During the first century B.C., artists decorating the villas of Roman patrons developed a style of wall painting in which richly colored architectural scenes created the illusion of receding space. Found especially in the region of Campania, these paintings include the Museum’s extraordinary panels from a villa at Boscoreale (Roman, Late Republican, ca. 50-40 B.C.), which are among the most important of this type to survive from antiquity. The luxurious imaginary settings evoked the splendor of the palaces and pavilions of Hellenistic rulers, whose kingdoms had been conquered by Rome. Our enchanting scarf features a trompe l’oeil scene from one of these dazzling ancient Roman frescoes.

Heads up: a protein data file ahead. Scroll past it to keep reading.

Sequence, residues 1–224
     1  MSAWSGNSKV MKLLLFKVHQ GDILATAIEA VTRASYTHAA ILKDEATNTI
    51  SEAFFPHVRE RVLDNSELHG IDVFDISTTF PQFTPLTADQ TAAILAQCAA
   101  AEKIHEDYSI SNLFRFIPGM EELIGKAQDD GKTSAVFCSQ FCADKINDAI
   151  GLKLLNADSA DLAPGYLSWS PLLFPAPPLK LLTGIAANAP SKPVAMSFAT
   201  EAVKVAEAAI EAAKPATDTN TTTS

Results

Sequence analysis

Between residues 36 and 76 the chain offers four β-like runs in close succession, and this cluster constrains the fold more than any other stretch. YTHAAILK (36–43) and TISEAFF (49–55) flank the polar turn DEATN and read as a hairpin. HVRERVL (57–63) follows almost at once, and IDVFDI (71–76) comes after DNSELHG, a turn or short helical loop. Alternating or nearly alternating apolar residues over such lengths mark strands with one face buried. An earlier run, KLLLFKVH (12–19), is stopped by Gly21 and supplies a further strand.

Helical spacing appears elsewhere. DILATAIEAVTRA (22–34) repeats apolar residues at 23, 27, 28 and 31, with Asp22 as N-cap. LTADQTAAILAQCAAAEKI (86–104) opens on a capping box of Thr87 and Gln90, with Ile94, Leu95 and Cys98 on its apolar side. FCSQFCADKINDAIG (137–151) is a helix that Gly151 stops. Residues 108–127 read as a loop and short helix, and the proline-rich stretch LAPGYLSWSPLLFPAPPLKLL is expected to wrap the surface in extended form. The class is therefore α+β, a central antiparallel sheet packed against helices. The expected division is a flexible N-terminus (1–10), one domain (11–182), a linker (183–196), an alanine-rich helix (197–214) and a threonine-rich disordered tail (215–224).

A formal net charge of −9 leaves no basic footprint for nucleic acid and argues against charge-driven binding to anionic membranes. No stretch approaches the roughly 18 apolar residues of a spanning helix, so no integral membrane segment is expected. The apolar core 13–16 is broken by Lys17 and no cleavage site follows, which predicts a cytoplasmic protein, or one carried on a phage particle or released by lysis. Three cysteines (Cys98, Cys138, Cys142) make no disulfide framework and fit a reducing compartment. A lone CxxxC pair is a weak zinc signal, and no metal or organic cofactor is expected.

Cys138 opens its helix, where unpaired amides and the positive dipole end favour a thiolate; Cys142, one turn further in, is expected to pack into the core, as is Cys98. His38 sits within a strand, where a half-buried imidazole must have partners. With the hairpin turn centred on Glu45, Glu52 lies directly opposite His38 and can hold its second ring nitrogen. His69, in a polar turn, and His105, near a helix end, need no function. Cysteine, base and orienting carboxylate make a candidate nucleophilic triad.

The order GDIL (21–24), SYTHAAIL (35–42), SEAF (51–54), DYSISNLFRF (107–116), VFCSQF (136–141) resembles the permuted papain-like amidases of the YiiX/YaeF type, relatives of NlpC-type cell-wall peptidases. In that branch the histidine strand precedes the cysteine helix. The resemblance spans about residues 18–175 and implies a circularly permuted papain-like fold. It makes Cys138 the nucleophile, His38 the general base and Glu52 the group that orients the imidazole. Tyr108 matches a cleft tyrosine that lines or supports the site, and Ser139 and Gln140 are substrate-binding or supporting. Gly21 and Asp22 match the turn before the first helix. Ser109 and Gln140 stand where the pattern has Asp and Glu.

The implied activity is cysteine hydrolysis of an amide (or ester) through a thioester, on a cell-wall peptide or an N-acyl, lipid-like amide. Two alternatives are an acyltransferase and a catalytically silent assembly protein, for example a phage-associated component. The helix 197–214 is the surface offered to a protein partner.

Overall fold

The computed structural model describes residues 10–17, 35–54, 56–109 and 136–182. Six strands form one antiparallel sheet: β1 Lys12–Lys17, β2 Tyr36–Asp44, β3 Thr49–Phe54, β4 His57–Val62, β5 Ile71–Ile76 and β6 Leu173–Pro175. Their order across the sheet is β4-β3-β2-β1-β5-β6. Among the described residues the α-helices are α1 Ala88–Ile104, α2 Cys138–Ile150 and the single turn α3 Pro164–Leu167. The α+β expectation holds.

Silk crêpe de chine. Imported. 64'' x 20''.